The In and Outs of ETF Conversions
What does it mean for you?
Susan Dziubinski: Hi, I'm Susan Dziubinski with Morningstar. A number of asset managers have announced that they plan to convert some of their mutual funds into exchange-traded funds. Joining me today to discuss the topic is Ben Johnson. Ben's Morningstar's director of global ETF research. Hi, Ben. Thanks for being here today.
Ben Johnson: Thanks for having me, Susan.
Dziubinski: What are some advantages of conversions for fundholders?
Johnson: Many of the advantages of converting a mutual fund to an ETF are synonymous with the advantages of the ETF wrapper. It's all about where these funds will ultimately land, the packaging, the form that they'll ultimately take. And I would argue that chief amongst those is the relative tax efficiency of the ETF packaging versus a mutual fund packaging, because ETFs have the ability to regularly send securities out of their portfolios on an in-kind basis, so they can offload stocks and bonds whole directly to a third party, as opposed to having to liquidate them to either sell down positions or meet redemption requests. They avoid unlocking capital gains distributions, which have become very frequent, and in some cases, very large in magnitude within the realm of open-ended mutual funds in recent years. That's a big benefit that would arise from a mutual fund to ETF conversion.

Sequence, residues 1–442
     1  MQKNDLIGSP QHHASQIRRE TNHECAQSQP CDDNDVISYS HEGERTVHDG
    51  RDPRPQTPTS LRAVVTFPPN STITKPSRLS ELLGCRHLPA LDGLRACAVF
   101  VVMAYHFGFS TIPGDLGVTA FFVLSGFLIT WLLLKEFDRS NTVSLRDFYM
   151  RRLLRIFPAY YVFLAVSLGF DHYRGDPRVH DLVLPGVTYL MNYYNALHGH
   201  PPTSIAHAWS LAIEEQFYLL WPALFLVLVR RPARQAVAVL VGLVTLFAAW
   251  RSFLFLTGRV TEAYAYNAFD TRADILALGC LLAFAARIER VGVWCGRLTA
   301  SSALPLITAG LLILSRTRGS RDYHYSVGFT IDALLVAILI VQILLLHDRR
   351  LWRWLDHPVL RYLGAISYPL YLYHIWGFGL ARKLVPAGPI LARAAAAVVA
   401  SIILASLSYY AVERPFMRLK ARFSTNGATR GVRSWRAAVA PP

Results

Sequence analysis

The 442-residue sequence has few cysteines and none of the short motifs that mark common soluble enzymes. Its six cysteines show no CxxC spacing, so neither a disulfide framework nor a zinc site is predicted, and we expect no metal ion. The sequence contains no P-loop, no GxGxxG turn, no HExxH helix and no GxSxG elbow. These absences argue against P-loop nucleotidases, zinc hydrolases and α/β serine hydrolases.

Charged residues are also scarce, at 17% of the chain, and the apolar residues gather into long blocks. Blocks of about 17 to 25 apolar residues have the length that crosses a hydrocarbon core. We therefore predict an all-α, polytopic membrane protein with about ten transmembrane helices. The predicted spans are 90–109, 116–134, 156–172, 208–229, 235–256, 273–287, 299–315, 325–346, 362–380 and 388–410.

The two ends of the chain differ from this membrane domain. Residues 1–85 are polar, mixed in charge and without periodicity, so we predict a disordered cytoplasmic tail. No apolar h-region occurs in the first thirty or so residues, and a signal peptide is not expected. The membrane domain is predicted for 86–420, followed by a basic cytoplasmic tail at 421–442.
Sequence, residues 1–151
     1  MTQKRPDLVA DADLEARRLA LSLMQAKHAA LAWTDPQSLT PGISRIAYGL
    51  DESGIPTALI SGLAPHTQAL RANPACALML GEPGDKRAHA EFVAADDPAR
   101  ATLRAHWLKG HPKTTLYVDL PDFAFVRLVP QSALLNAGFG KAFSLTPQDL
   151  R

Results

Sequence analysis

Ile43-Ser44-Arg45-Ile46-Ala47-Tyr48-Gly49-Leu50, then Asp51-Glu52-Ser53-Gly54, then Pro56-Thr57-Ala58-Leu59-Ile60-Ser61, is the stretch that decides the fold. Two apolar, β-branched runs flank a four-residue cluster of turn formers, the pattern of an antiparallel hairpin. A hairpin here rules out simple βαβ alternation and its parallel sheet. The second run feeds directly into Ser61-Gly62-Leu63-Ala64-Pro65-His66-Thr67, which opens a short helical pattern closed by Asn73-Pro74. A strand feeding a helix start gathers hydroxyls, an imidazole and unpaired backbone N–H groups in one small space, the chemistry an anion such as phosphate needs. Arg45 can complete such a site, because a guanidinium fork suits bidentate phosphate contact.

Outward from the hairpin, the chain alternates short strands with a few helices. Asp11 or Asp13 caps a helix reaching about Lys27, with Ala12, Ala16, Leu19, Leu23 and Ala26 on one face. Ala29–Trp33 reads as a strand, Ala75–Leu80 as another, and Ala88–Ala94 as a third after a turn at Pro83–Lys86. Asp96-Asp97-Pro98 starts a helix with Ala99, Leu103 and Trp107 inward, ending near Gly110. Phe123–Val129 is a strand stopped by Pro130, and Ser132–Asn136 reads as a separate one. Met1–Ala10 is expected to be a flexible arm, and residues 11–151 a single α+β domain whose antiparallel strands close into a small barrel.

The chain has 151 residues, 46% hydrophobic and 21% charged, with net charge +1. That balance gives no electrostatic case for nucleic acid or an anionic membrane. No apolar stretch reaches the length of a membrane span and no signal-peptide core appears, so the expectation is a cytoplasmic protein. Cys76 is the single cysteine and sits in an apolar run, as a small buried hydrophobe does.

There are other benefits as well. The ETF wrapper in many ways is just more cost efficient than the mutual fund wrapper. So, notably within ETFs' expense ratios, rarely do you see line items that are dedicated to compensating third parties for things like marketing or distribution. Shareholder recordkeeping costs are lower. So, there's the potential for expense ratios to come down a bit as funds pass through this conversion process.
Lastly, transaction costs are likely going to be less because many ETFs trade commission-free across a large number of platforms, which has been a big development in recent years. Meanwhile, many mutual fund investors are still paying commissions as they transact in their mutual funds that they're investing in today. This is a key point of appeal, I think, to the advisor market in particular, where they're making many transactions across a large number of client accounts in any given day and would much prefer to be able to save that money and allow it to compound to their client's benefit.
These are all synonymous, again, with the benefits that we know well about the ETF vehicle more generally. They're kind of beckoning from the other side of this conversion process that some mutual funds may undertake.
Dziubinski: Now, if I own a mutual fund that is going to be converted into an ETF, is that a taxable event for me?
Johnson: The conversation of a mutual fund to an ETF will not be a taxable event for mutual fund shareholders. Their basis will remain intact. What, ultimately, investors will enjoy is effectively a form of tax deferral that they wouldn't otherwise benefit from if that fund were to remain a mutual fund, see continued in some cases in persistent outflows, which in recent years have resulted in these large and regular capital gains distributions. So again, the ETF being somewhat unique in that it has that regular mechanism by which it can get rid of securities, meet redemptions without unlocking gains, which are kind of a negative externality created by what's either regular or in some cases, bad behavior, on the part of fellow fund shareholders. Those externalities aren't socialized across all fund shareholders. They're externalized in the case of the ETF. The people who are buying and selling are the ones who are paying the taxes and absorbing a lot of the transaction costs that otherwise would be internalized by the fund.